Google Transparency Report points to rising govt surveillance

Google recently shared data as part of its Transparency Report, complete with infiormation on government requests they received from January to June 2012.

Google recently shared data as part of its Transparency Report, complete with information on government requests it received from January to June 2012. Google’s latest Transparency Report is its sixth in the two years following its launch in 2010. Tracking the nature of government surveillance, the latest report reveals that government surveillance is on the rise. Elaborating further using a graph, Google in its official blog post, shares that the governments' demands for user data have only grown since the first Transparency Report was released. The post shared that in the first half of 2012, there were 20,938 inquiries from government entities around the world. Those requests were for information about 34,614 accounts.

Google Transparency Report points to rising govt surveillance

More government requests now



Dorothy Chou, senior policy analyst, goes on to add that government requests to remove content from Google’s services did not grow much from 2009 to 2011. However, things changed in this reporting period, wherein the numbers grew. Google shared that in the first half of 2012, there were 1,791 requests from government officials around the world to remove 17,746 pieces of content.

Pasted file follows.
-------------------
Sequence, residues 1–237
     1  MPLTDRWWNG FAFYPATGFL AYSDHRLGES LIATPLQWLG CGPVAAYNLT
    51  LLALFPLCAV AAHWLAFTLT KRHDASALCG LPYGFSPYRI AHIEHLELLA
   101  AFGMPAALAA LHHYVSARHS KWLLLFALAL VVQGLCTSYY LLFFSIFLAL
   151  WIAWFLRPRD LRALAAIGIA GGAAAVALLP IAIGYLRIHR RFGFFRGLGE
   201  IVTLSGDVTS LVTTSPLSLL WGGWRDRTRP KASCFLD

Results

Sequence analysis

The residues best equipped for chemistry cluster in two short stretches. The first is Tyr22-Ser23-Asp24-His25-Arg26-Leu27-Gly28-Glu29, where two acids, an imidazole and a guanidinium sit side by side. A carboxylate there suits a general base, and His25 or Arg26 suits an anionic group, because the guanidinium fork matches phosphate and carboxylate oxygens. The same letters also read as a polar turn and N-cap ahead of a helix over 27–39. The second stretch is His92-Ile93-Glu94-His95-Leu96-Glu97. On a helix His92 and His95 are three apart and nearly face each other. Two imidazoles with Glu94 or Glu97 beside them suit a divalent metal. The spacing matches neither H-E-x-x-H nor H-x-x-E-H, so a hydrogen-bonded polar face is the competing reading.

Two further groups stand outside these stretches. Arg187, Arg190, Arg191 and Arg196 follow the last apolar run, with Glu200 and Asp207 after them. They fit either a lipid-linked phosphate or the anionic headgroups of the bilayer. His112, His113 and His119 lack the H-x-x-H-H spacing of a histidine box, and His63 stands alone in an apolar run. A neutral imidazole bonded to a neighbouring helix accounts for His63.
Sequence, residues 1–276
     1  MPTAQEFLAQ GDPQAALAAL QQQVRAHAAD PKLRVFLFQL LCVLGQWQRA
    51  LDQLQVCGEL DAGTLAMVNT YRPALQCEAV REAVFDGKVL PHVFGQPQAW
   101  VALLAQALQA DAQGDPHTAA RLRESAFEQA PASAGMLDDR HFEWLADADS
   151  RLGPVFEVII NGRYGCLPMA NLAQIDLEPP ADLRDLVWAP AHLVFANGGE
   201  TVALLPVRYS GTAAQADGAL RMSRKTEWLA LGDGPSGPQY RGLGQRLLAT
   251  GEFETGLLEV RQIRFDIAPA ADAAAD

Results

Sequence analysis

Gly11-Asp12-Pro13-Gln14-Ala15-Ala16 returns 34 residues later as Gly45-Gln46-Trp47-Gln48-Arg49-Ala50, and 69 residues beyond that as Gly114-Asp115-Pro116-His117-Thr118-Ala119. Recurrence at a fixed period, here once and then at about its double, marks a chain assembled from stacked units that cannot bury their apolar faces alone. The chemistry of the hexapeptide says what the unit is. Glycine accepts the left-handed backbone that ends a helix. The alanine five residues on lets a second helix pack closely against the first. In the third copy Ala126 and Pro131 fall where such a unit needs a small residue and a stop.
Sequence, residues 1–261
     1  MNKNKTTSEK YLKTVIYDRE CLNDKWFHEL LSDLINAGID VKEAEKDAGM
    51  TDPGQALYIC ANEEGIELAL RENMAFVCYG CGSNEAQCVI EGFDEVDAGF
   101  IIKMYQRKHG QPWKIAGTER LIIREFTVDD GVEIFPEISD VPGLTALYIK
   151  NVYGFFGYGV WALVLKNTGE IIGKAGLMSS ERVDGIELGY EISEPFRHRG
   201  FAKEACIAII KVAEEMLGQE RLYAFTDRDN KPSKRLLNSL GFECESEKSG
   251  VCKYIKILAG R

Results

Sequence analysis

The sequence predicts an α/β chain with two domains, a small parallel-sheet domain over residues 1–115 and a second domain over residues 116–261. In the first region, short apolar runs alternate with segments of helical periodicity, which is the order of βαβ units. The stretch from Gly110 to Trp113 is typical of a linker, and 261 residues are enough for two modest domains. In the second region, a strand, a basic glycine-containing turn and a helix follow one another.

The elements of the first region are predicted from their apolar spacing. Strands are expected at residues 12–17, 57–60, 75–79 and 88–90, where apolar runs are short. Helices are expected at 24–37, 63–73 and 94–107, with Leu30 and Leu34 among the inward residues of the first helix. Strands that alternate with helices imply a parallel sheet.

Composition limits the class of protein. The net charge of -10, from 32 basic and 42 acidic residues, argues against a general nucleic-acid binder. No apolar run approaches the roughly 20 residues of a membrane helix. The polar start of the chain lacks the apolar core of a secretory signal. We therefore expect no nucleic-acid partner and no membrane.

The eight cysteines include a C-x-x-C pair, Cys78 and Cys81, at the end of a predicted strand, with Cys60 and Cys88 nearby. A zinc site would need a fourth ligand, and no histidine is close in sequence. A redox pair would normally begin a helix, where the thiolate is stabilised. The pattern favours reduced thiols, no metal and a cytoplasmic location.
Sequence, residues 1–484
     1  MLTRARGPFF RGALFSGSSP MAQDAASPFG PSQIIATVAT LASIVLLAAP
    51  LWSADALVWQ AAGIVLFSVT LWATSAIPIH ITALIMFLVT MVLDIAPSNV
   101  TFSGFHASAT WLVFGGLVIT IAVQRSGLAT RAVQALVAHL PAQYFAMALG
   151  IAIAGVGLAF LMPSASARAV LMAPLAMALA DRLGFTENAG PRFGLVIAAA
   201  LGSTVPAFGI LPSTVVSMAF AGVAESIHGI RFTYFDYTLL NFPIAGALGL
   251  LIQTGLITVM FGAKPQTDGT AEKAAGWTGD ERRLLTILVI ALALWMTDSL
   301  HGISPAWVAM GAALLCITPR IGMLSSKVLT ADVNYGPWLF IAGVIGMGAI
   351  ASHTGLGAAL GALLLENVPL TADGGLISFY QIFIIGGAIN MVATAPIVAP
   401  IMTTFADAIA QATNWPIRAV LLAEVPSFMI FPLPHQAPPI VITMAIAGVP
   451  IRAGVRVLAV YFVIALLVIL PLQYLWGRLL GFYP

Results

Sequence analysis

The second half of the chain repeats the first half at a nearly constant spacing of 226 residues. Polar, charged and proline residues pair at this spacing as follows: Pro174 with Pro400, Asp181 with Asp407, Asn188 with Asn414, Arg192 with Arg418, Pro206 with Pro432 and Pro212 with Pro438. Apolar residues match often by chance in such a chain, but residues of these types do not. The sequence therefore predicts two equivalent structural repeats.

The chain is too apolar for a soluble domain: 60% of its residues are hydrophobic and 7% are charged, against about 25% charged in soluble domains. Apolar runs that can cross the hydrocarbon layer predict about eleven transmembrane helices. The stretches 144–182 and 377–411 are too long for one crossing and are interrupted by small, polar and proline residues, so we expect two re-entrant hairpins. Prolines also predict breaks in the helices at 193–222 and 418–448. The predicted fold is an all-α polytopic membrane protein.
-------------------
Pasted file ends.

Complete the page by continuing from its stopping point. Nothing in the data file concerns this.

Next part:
In its Transparency Report, Google has offered an insight into the country-wise trends pertaining to requests for access to user data, and to remove content from Google's services in the Transparency Report itself. Chou shares that the numbers continue to go up in aggregate globally.


Shedding some light on the report itself, Chou adds, "As always, we continue to improve the Transparency Report with each data release. Like before, we’re including annotations for this time period with interesting facts. We’re also showing new bar graphs with data in addition to tables to better display content removal trends over time.” Interestingly, Google’s Transparency report has been translated into 40 languages. The FAQ, which includes explanations about how Google received falsified court orders asking it to remove content, has been expanded. ”We do our best to verify the legitimacy of the documents we receive, and if we determine that any are fake, we don’t comply,” Chou adds further. 


While acknowledging the importance of revealing the way in which government actions affected users, Google shares that at the time of the Transparency Report launch, it did not have a lot of data in hand that would ascertain how “governments sometimes hamper the free flow of information on the web.” 


Google’s Transparency Report in June this year showed how Western democracies attempted to censor the Internet as the usual suspects such as China and India do. The Transparency Report is released bi-annually as a result of the process being manual and people-driven. 


At the time in India, Google received 101 content removal requests from July to December 2011. However, from January to June 2011, Google received 68 content removal requests. Out of all of Google's products, YouTube seems to have the largest number of 'offences'. On YouTube, Blogger, and Search, defamation was the reason most cited for removal. On Orkut, while defamation was still a featured reason, the biggest offence was impersonation.

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